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FPJ-ED: Planning to study medicine abroad? Here are some things to keep in mind

Here's how students and their parents can make a diligent and considered choice

EduPeer | Updated on: Friday, March 04, 2022, 08:25 PM IST

Photo: Freepik
Photo: Freepik
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Amidst the crisis in Ukraine and the continued evacuation efforts by the Indian government, we can’t help but observe that Ukraine and other East European countries remain a choice for many Indian students to pursue medicine. According to media reports, the Ukrainian institution of medicine and science states that Ukraine has about 18,000 Indian students pursuing medicine studies. In last few years, Eastern European countries have gained acceptance from Indian students planning to study medicine. The Ukraine crisis has not only brought out a lot of focus on the stranded students but has also provided the need to examine the pros and cons of studying medicine in these countries. Let’s look at these in detail so that students and families can make a diligent and considered choice.

1. The NEET is a competitive examination

In 2021, almost 16,00,000 students ended up giving the NEET exam, for 80,000 seats. This kind of competition leaves several students behind in the race to study medicine. There are many international universities that may not insist on NEET score but if one wants to come back and practice in India, there is no escaping NEET. National Medical Commission (erstwhile MCI) mandates students to qualify NEET examination, even if they want to study overseas, to practice medicine in India. To top this, in order to qualify to practise back in India, you are also required to give the Foreign Medical Graduate Exam (FMGE). Only then does the National Medical Commission permit you to work here.

One would advise students to give themselves two years of planned study during high school years of eleventh and twelfth in order to crack NEET. Consider your high school, Biology, Chemistry as the foundation to build medical education. The exam pressure is undoubtedly daunting but we suggest that a disciplined approach over two years will go a long way in getting a decent NEET score which will put the student in a better place. Medicine studies are long and hard. You have to go through the grind to finally get to your goals.

2. Cost

Pursuing medicine in India would mean shelling out anywhere from Rs 50 lakhs to a crore (except Government colleges for high NEET scorers). In comparison, East European countries charge about Rs 20-30 lakhs for five-six years of study. This, coupled with no insistence on any entrance exam or NEET score may appear convenient but this is just a tip of iceberg. A good medical study requires three key component: trained faculty, advance facilities and access to hospitals as medicine is an application oriented subject. Many programmes may not have these three basics covered and this can lead to a compromised education. So, look at other factors apart from cost and NEET test clearance.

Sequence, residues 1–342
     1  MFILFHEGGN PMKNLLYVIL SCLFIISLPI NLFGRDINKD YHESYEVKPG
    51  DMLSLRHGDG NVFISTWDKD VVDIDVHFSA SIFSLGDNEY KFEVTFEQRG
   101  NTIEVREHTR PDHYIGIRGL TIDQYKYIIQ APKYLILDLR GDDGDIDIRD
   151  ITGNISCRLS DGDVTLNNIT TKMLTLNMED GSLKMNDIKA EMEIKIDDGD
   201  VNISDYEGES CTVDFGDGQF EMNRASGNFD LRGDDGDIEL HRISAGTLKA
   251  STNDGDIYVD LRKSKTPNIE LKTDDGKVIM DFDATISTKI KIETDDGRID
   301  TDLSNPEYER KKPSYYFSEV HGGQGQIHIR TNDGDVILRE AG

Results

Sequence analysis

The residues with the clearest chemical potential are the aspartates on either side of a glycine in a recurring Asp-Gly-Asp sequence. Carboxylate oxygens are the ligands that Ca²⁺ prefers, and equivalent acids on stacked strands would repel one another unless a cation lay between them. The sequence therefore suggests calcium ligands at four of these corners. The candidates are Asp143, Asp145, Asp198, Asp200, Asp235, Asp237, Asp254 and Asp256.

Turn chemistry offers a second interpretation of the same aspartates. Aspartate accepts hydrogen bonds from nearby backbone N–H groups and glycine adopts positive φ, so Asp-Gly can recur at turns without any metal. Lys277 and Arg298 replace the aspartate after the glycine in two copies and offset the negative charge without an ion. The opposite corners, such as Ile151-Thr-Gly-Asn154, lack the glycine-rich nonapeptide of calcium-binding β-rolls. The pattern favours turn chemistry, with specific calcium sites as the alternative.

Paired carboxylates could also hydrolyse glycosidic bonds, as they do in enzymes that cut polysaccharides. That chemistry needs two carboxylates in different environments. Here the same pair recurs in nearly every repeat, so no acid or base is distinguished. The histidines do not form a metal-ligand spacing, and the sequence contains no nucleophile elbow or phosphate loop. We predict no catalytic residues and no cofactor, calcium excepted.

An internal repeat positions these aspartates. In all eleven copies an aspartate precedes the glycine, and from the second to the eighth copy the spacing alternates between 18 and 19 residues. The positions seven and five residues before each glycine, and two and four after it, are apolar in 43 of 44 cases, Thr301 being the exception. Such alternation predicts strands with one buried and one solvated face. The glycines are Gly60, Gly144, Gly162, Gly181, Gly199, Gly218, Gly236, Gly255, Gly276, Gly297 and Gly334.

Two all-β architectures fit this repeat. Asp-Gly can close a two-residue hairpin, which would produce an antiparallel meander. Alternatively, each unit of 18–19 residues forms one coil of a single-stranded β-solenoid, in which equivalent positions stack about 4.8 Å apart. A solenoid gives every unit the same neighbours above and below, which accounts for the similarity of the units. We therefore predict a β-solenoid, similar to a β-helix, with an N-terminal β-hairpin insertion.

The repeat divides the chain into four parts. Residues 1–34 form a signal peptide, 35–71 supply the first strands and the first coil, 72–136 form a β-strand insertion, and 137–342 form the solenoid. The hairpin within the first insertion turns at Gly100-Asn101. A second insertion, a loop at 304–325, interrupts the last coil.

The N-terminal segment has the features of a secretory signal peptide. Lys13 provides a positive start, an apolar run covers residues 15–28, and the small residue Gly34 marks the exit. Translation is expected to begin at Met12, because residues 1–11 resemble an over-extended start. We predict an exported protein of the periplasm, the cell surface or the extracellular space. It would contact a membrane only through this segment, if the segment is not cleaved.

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3. Practising in India

It is advisable to look at the list of the programs approved by the National Medical Commission and select only those programs which are recognised. In order to practise medicine in India, you have to pass the Foreign Medical Graduate Exam (FMGE). Data from Annual Reports of National Board of Examination says that the number of medical graduates who took the test increased from 12,116 in 2015 to 35,774 in 2020. Despite significant increase in the number of students taking FMGE examination, the pass percentage is still at an abysmal 16%. This is an important factor to consider while making a decision.

4. Look at credible international study options

Studying medicine is a decision that will impact the next few decades of your life. The competition in NEET definitely makes it hard to find your place in India. Therefore, international study comes along with pros such as experiencing diversity, managing your life, gaining access to better equipment and technology. There are several credible, recognised options available in the UK, Czechoslovakia, Hungary, Poland. Don’t resort to a hack or an easy way out where no homework or test is required. A commitment to medicine requires long term research and foresight. With respect to adjacent study areas, there is Biology, Cellular and Microbiology, Bio Medical Engineering, Neuroscience and Health informatics which are emerging fields and are likely to grow substantially in the coming decades. Also, it is not necessary that the only good career can be built on medicine. Exploring alternate options and making an informed, considered decision is the minimum requirement for you to commit time and financial resources.

(The above article have been provided by EduPeer, a consulting firm which specialises in the international education space)

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Published on: Saturday, March 05, 2022, 07:00 AM IST